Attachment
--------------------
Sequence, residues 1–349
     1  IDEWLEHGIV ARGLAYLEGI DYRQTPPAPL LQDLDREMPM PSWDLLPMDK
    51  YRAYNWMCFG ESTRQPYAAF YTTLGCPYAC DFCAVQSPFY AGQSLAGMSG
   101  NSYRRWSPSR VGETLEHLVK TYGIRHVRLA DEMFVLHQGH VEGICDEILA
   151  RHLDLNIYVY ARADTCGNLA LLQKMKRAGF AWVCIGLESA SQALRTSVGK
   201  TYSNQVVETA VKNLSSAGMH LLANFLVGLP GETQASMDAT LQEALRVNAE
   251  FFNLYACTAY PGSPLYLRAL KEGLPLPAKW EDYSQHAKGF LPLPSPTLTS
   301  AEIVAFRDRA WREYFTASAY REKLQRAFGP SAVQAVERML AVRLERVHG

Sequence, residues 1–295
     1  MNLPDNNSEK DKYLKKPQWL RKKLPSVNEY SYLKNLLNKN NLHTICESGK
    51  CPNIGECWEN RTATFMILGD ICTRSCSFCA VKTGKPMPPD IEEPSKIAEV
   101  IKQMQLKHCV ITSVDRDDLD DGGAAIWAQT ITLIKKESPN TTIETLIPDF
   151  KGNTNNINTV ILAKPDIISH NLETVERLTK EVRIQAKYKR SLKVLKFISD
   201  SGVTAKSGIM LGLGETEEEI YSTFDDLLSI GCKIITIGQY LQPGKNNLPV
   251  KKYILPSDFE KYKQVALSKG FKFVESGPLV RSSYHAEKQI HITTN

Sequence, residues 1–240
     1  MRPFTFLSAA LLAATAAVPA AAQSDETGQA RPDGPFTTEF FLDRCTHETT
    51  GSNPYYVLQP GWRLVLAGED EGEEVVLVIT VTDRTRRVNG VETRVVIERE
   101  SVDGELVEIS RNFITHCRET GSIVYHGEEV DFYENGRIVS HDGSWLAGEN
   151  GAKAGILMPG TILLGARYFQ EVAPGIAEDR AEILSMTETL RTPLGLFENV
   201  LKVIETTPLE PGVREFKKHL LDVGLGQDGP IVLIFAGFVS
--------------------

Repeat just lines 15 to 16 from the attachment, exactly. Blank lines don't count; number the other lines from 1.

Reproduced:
   251  KKYILPSDFE KYKQVALSKG FKFVESGPLV RSSYHAEKQI HITTN

Sequence, residues 1–240